Friday, April 8, 2011
Tribute To Paul Streeter - Part 3
Paul loved to talk! When he was on the air, the air was all his (As in people paid attention)! Although it did happen that Paul would run out of things to talk about, it wasn't always that often. A conversation with him could run for hours on end, but none of us complained because it wasn't ever boring. Paul had other loves in life beyond radio. Railroad, as mentioned in part two of this tribute, was one of those loves. In the photo above, Paul is shown at the Glencoe Metra station during a local bicycle event for which the Northshore Radio Club provided volunteer emergency radio communications support. This author was his assigned partner during this event.
In the photo we see the famous AB9PS portable dual-band 2M / 70cm Yagi antenna Paul made by hand. This antenna used a cut wooden 2 by 4 plank as a boom, PVC pipe, and a run of RG8 coax. Anyone who knew Paul or even spoke with him for long enough would eventually hear some of Paul's love for railroad. He could talk about railroad for lengths of time that would have a person dreaming about crossing the continent by rail while simultaneously yearning to learn U.S. history.
The connection is made to U.S. history because Paul would talk about the old days of railroad. I remember asking Paul about the "whine" for lack of better words of modern Amtrak Genesis engines as they go from a standing position at a station stop to full service. First the engineer gets the "highball" from the line dispatcher, releases the air, and sets the engine into motion. As the train starts moving, you hear a very distinct sort of whirring or whine that goes up in pitch before the engine reaches a decent clip.
For anyone that loves trains, it is the release of the air brakes, the whirring/whining, followed by the K5LA horn blast that makes a great day better! Just as in the photo above, where Paul is getting to enjoy radio AND railroad at the same time, I would hope that he is finally getting to engineer his own train while making radio contacts the entire time AND getting full enjoyment of the greatest music anyone has ever heard.
One of the routines Paul had in the final days of his life, and one of the gifts Paul left all of us with was sharing late evening chats on 442.725+, talking about old re-runs of MASH, and of course we talked about food, meals, anything edible. The photo just above shows the five watt Alinco DJ-596 Paul once used just prior to obtaining a five watt Icom D-Star dual band HT.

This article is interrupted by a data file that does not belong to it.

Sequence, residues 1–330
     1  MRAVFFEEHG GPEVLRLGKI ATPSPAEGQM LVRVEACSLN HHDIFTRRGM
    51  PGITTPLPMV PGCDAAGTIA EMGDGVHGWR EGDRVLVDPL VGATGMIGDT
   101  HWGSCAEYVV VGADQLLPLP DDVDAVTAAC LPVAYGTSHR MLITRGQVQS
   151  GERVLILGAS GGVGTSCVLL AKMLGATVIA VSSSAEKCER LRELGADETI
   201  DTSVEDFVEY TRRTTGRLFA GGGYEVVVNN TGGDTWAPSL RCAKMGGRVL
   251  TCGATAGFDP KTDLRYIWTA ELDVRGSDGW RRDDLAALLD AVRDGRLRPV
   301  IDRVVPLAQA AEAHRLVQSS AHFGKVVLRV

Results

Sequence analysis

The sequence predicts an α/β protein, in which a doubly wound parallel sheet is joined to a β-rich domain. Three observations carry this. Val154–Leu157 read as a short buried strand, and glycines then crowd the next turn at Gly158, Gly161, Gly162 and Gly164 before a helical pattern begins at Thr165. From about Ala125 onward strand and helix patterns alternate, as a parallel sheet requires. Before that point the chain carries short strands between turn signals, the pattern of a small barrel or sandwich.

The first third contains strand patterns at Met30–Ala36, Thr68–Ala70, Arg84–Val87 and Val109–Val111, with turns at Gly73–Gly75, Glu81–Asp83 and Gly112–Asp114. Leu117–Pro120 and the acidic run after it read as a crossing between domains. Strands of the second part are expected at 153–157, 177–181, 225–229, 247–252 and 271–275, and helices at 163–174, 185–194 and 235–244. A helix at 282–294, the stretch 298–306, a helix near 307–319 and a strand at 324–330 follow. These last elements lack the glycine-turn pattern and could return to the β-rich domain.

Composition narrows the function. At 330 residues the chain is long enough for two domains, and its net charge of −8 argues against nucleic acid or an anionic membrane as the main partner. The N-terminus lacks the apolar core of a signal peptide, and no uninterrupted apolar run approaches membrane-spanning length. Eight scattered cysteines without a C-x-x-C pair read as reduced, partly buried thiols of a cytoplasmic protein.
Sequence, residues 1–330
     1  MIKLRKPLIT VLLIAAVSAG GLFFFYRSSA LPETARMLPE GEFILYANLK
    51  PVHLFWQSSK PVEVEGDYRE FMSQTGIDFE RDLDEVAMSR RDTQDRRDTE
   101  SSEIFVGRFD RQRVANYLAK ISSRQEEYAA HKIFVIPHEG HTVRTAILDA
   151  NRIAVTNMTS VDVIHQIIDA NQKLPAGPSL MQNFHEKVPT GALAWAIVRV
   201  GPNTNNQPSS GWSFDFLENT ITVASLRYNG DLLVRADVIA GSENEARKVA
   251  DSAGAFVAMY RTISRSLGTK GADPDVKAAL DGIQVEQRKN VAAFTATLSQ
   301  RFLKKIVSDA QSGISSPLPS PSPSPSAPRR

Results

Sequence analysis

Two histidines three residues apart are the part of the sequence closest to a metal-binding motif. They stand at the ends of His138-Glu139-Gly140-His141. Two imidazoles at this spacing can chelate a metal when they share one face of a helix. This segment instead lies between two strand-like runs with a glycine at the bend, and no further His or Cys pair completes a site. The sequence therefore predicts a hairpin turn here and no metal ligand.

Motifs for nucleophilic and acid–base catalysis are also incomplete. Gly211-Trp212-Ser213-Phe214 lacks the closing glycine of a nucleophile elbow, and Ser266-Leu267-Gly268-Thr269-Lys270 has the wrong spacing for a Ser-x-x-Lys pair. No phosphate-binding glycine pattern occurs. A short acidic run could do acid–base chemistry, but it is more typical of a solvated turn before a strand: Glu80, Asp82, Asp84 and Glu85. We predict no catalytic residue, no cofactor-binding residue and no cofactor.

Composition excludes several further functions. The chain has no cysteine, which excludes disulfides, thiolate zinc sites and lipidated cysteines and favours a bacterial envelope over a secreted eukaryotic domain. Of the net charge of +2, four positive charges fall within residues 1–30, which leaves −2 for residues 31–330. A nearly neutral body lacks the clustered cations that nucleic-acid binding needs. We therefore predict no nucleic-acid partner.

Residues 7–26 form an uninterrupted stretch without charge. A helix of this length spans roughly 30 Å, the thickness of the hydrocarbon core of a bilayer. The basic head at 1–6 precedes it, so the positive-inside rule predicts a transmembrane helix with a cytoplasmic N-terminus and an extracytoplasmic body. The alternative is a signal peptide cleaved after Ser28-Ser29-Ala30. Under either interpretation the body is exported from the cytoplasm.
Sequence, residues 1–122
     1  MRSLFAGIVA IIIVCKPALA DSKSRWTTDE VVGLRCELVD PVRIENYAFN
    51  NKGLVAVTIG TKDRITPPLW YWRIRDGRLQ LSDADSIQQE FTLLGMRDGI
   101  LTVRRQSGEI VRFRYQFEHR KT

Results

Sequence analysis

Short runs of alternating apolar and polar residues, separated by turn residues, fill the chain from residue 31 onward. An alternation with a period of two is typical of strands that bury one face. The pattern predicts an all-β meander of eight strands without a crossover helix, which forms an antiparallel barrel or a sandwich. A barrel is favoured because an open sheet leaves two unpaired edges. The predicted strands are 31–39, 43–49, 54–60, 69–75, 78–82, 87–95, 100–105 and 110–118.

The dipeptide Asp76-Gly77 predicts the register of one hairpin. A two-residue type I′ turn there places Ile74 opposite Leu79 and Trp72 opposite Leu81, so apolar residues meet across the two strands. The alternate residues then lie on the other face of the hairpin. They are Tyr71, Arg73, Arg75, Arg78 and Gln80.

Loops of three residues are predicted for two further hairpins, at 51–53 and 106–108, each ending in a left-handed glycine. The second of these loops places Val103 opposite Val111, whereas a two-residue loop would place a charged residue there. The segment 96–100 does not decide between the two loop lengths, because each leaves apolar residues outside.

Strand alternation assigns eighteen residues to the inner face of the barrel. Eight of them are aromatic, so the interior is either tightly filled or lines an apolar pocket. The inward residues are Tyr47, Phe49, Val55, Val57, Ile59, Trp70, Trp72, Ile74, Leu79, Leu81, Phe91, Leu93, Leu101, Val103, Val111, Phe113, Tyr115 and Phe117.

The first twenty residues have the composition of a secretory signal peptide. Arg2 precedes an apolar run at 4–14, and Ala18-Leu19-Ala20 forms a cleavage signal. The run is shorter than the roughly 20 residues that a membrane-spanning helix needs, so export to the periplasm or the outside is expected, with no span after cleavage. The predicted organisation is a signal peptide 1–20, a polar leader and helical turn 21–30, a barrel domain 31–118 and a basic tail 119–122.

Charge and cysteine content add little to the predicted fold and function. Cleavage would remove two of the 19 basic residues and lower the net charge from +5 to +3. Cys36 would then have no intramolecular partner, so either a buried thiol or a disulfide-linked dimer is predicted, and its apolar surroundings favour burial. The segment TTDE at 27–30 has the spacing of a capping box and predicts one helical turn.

The late night group usually consisted of Paul, this author, Jan (pronounced Yahn) - NE2AR, Andy - AB9EW, and whoever else was on the air at the time. Usually, Liam, from Evanston, Il, would chime in when his time allowed. Sitting at the control point until my eyes got heavy and ending the evening having fun with a friend was always the best way to end a late evening. Oh, we can't forget Tom - KC9AZJ (All Zebras Jump)! He became part of the group as time wore on. Tom and Paul often had some good talks about railroad because Tom is also a rail fan.
When we say we had late evenings, late is defined for us as a group as 1AM or after. I almost never held out to the end of the QSO, but there were nights when I would last and Paul would be the first to go followed by me and then Jan. Those nights are already missed.
I remember my first time meeting Paul. We went to Quiznos by the CTA Red line station. We both had a sub and Paul had his coffee. We talked about music, radio, and railroad. Paul did most of the talking when it came to the technical / historical stuff of music and railroad, but he also told some of his famous jokes. We talked about life, family, and classic TV.
Thank you Paul, for the years of memories. Thanks for being a friend, for just being you. Although it hurts to see you leave us, it would hurt more to see you suffer. What always earned my respect the most was that you never let your limitations take away your independence nor your dignity. You were never proud in an arrogant way, never did I see selfishness, never did I see contempt, and never did I see you hate.
The key now may be silent, the control point without your presence, but your voice will keep on being heard and your memory alive. With great gratitude for having had you on this earth, and all the memories to treasure....for what you were to each of us, rest peacefully dear Paul and happy seventy three.